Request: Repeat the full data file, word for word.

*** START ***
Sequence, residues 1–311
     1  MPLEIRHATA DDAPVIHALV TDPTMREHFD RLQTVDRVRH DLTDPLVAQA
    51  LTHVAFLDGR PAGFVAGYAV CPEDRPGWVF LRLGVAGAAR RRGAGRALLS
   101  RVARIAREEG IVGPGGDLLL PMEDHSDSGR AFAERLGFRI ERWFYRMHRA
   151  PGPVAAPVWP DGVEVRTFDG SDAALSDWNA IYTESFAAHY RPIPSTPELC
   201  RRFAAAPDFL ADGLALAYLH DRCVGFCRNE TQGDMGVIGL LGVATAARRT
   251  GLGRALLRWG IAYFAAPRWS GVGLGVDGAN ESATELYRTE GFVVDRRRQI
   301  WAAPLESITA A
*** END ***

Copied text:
Sequence, residues 1–311
     1  MPLEIRHATA DDAPVIHALV TDPTMREHFD RLQTVDRVRH DLTDPLVAQA
    51  LTHVAFLDGR PAGFVAGYAV CPEDRPGWVF LRLGVAGAAR RRGAGRALLS
   101  RVARIAREEG IVGPGGDLLL PMEDHSDSGR AFAERLGFRI ERWFYRMHRA
   151  PGPVAAPVWP DGVEVRTFDG SDAALSDWNA IYTESFAAHY RPIPSTPELC
   201  RRFAAAPDFL ADGLALAYLH DRCVGFCRNE TQGDMGVIGL LGVATAARRT
   251  GLGRALLRWG IAYFAAPRWS GVGLGVDGAN ESATELYRTE GFVVDRRRQI
   301  WAAPLESITA A